Thinking big by going small: Tiny homes for sale in central Newfoundland

A company in Grand Falls-Windsor is building what it believes are the first tiny homes in Newfoundland and Labrador.

'Hopefully it catches on and we'll see how it goes,' says Sean Mercer of Rollin Cabins

Sean Mercer owns the company Rollin Cabins, which sells tiny homes out of Grand Falls-Windsor. (Julia Cook/CBC)

A business in Grand Falls-Windsor is trying to make it big in the real estate industry by thinking — and building — small.

Sean Mercer owns Rollin Cabins, which is building tiny homes — portable homes that are closer in size to camper trailers but resemble traditional full-sized houses.

Mercer started the business after seeing the popularity of tiny homes grow in other parts of Canada.

"I've been looking at it for the last couple of years online, becoming a big hit across Canada and the [United] States and hopefully it'll catch on in Newfoundland," Mercer told CBC's Central Morning Show.

This tiny home has a living room and a full-range kitchen. (Julia Cook/CBC)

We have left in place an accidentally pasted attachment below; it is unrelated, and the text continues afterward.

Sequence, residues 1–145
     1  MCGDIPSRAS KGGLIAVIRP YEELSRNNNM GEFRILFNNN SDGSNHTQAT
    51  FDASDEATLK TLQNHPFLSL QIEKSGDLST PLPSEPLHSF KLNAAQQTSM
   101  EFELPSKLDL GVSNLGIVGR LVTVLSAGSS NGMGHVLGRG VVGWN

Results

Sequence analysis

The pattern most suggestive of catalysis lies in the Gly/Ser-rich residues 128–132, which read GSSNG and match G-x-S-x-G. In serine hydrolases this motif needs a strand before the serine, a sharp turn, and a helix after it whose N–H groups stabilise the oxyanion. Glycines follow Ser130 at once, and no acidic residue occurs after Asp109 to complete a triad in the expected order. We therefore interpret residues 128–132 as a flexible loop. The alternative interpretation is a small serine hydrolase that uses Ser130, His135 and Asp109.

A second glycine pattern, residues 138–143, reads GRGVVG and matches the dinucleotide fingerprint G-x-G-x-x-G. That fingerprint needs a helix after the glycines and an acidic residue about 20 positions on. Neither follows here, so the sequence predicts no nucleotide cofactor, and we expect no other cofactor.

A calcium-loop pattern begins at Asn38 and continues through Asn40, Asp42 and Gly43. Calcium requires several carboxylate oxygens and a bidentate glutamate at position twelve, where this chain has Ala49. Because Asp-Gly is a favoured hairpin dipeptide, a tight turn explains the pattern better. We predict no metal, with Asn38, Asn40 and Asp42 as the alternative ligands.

The first model built by the company has two levels and its dimensions are about 8.5 by 24 feet — about the size of an average rec room, Mercer said.

'Best of both worlds'

A business in Grand Falls-Windsor is trying to make it big in the real estate industry by thinking — and building — small. 1:21

It takes about eight weeks to build one of Mercer's tiny homes, and the cost depends on what customizations the customer wants. The base cost is $65,000 and it goes up from there.

"You get the best of both worlds. You could use it as a cabin or an RV unit or a guest home," said Mercer.

The model unit is equipped with a propane heater, a full-sized kitchen and a three-piece bathroom. The tiny home can switch between a 12-volt and 120-volt electrical system, or utilize solar energy.

The tiny home has a full-sized, three-piece washroom, as well as a bedroom on the upper level. (Julia Cook/CBC)

A telescopic ladder allows access to the upper level of the tiny home, where the bedroom is.

Mercer said he's heard from plenty of people interested in his company's tiny homes, adding he doesn't know of anyone else in the province currently building them.

"There's been a lot of interest in the last few weeks," said Mercer.

"Hopefully it catches on and we'll see how it goes."